The All-American

For the past two years, former Kansas City Monarch Neale “Bobo” Henderson and I have had the privilege to speak at the Aflac All-American baseball seminar. In addition to sponsoring the All-American game, Aflac is also committed to preserving the history of the Negro Leagues which is the subject of our talk. True to that legacy, Aflac annually presents the Jackie Robinson Award to the outstanding high school baseball player in America.

As part of the week-long event, the All-Americans visited the kids at the Rady Cancer Center of Children’s Hospital in San Diego. Additionally, Aflac brings ten young cancer survivors and their families from Georgia to San Diego to enjoy the same pre-game activities as the ballplayers including trips to the San Diego Zoo and SeaWorld. Everything culminates on Saturday with the All-American Game at Tony Gwynn Stadium on the campus of San Diego State University.

Like his former Monarch’s manager, San Diegan Bobo Henderson is an engaging and highly approachable ambassador of the game. When the players see me, their first question is, “Where’s Bobo?“

Before the game last Saturday, Finnian Owen, youngest son of Grainne and Clay Owen, founders of “Coaches Curing Kids Cancer,” came running down the aisle when he saw me. Out of breath, Finn asked, “Where’s Bobo? All the kids want to see him.”

People naturally gravitate to Bobo for his stories, personality and laughter… and I’m the one who always has to find him. This time he was down in the West dugout offering encouragement to the players. The game was starting so, along with Walter McCoy who pitched for the Chicago American Giants in the Negro Leagues, we proceeded to the suite where the Georgia kids were waiting for Bobo. Our plan was to spend a few innings with the kids and then watch the game from our seats. We never made it to our seats.

This becomes a story about three baseball players who played all nine innings at the Aflac All-American game. Their names are JJ, Kenny and Tony. They spent the first three innings playing catch with their San Diego hostess, a trim and fit woman named Gail, until they wore her out. I came on in relief and lasted five innings. All of these boys, ages 7 to 9, are cancer survivors. They all love baseball.

Tony proudly told me that he is “a great right fielder.” He wears two leg braces and thick glasses. The poor kid can hardly catch a ball, but that doesn’t stop him from trying. His mother told me that Tony is going blind. This was probably the last year he can play. You’ve got to love a kid who won’t quit. A kid who falls down and gets back up. A kid who doesn’t know that he’s not a great fielder. He saw a movie where they put the worst player in right field. Tony cried. He didn’t know he was the worst player.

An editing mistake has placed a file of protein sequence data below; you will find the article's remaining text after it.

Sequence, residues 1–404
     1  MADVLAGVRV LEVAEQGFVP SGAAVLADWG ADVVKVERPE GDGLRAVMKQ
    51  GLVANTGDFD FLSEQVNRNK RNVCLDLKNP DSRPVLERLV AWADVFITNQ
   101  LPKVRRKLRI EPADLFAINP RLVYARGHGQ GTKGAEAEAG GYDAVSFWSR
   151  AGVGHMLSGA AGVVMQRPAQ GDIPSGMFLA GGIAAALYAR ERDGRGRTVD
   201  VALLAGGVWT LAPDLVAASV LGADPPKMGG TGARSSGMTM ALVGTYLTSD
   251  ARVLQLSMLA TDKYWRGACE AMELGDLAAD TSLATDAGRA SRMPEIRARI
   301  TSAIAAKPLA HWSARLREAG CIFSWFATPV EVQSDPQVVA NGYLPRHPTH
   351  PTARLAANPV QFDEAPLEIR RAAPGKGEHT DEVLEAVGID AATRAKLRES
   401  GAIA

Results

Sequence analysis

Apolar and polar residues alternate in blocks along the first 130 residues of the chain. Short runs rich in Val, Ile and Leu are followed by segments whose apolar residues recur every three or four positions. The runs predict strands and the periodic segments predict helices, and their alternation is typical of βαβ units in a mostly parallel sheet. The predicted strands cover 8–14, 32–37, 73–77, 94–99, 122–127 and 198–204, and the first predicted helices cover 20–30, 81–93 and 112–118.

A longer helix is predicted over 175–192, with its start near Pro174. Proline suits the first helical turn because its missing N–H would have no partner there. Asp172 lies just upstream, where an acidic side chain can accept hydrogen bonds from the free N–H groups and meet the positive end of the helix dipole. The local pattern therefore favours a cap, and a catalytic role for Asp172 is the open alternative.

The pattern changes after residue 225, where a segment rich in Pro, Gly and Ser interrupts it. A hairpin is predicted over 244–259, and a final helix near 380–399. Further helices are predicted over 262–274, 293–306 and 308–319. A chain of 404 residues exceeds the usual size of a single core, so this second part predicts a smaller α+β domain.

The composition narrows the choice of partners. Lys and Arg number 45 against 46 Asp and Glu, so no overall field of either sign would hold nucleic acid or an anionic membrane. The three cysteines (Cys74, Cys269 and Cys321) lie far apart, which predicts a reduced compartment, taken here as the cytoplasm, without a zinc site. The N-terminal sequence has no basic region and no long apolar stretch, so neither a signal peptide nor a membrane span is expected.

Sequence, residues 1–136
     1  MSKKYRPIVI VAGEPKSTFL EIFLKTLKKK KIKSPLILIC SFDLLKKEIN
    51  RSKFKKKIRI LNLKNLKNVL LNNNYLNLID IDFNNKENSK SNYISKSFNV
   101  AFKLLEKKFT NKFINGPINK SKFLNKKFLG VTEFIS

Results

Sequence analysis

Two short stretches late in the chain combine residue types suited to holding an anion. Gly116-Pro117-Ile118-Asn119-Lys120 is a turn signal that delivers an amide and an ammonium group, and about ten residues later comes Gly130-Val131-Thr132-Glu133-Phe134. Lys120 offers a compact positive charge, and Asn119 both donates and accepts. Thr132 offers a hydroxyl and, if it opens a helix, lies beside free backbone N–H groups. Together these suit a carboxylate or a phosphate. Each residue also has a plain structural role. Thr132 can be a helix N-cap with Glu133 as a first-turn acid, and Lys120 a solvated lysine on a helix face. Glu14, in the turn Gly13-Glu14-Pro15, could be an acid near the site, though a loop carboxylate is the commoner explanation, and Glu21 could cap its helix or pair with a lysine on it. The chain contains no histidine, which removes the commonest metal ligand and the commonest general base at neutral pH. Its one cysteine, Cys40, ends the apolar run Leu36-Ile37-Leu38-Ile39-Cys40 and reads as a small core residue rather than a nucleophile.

Kenny’s dad is a high school coach. Kenny is a good little player. He can catch every ball. He even caught a ball with his crotch which made everybody laugh. His buddy is JJ who he called “my best friend” and JJ is quite a kid.
JJ’s father, Army Sergeant Major Joe Campbell, related a terrifying story that would be any parent’s worst nightmare. JJ went to the hospital for a tonsillectomy when he was 6, but surgery went horribly wrong. The boy’s carotid artery was cut. As he was bleeding to death, JJ suffered a stroke and went into a three month coma. Doctors warned his parents about permanent brain damage; about the possibility that JJ would never walk or talk again. To make matters worse, during routine blood tests, it was discovered their son also had leukemia. If JJ even came out of the coma, he would have to begin chemotherapy. Sgt. Campbell has done two tours in Iraq, but confided that nothing has terrified him like the three months spent waiting for JJ to wake up. This is one courageous little boy. His dad calls him, “my hero.”

I didn’t know any of this information when we began playing catch. As I prepared to throw the ball to JJ, he held up one hand. I suggested that he should use both hands. Obediently, he tried to open the fingers on his right hand with his good left hand. Then, very politely, he told me that he could catch “good” with one hand. The kid never missed. He made diving catches, jumping catches, trick catches. This went on for five innings until the ninth when the East team mounted a comeback. Being from Georgia, the entire suite, with the exception of Walter, Bobo, Gail and me, was for the East. JJ gave me puppy dogs eyes when I stopped to watch the game. He wanted to keep playing catch. I told him that he’d get to play catch again after the game.

Incidentally, the East won, 5-4, when they pushed three runs across in the last inning.

Afterwards, I took JJ to the players’ post-game area and introduced him to Taylor Hightower and his parents. Taylor was the catcher for the East squad. When he heard that JJ wanted to play catch with him, Taylor said, “Absolutely.”
Afterwards, a beaming JJ said that he wanted to be an All-American when he grew up.

JJ, you already are an All-American.

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